They acknowledge that the ideals on which inclusion rests are laudatory.
However, they remain skeptical that the present overall, broad-based capacities and attitudes of teachers and school systems toward accommodating students with disabilities into regular classrooms is adequate.
They argue that the current special education system emerged precisely because of the non-adaptability of regular classrooms and that, since nothing has happened to make contemporary classrooms any more adaptable ..., [inclusion] most likely will lead to rediscovering the need for a separate system in the future. 160) In addition to a more generalized concern by some across the field of special education in relation to how inclusive practices become operationalized in schools, stronger concern about and resistance to inclusion has been raised within specific disability groups.
Perhaps the greatest concern and opposition comes from many in the deaf community.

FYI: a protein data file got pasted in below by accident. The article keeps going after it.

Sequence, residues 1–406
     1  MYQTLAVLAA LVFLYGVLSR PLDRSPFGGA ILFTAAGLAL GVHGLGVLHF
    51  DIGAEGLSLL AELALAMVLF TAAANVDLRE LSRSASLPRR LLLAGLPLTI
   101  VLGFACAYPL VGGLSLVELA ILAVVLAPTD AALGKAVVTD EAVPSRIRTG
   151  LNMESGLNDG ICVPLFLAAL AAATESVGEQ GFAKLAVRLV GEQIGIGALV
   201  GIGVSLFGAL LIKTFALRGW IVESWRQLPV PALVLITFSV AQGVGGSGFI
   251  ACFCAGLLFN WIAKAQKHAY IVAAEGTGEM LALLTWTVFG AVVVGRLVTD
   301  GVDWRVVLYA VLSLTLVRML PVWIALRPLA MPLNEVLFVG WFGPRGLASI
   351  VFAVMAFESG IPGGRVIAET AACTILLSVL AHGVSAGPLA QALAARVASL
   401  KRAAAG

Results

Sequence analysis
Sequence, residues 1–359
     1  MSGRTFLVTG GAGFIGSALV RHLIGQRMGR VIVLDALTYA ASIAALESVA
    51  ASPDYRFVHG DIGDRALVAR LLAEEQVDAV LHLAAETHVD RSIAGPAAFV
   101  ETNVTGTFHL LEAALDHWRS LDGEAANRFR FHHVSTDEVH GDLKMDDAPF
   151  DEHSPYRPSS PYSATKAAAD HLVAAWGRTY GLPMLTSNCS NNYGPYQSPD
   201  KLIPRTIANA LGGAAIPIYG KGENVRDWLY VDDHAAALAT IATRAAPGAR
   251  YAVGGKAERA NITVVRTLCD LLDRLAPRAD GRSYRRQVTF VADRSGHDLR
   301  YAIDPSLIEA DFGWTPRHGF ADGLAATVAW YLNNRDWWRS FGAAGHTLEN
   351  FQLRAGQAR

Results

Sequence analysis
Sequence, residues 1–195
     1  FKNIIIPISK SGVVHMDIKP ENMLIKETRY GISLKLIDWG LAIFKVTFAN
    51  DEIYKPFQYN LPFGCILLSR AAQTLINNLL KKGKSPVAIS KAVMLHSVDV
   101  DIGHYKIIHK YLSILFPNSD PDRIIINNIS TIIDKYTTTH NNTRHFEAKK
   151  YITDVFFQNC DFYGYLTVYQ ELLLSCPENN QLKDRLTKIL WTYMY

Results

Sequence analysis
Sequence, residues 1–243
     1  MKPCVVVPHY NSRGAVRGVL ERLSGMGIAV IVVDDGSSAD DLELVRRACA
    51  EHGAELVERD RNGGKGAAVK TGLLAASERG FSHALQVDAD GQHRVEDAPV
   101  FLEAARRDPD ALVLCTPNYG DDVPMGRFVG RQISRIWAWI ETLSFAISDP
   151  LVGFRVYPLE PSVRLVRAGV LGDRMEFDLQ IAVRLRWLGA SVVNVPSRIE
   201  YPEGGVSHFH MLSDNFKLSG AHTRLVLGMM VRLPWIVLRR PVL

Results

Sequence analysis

We are locking teachers into constrained curricula and syllabi more, not less.
Tornillo (1994), president of the Florida Education Association United, is concerned that inclusion, as it all too frequently is being implemented, leaves classroom teachers without the resources, training, and other supports necessary to teach students with disabilities in their classrooms.Consequently, many argue that the more appropriate educational placement option for the hearing impaired is a residential school with a "community" of others similarly disabled.Lieberman (1992) points out that many advocates (primarily parents) for those with learning disabilities also have significant concerns about the wholesale move toward inclusion.The concept of inclusion is a meaningful goal to be pursued in our schools and communities ...[C]hildren, youth, and young adults with disabilities should be served whenever possible in general education classrooms in inclusive neighborhood schools and community settings.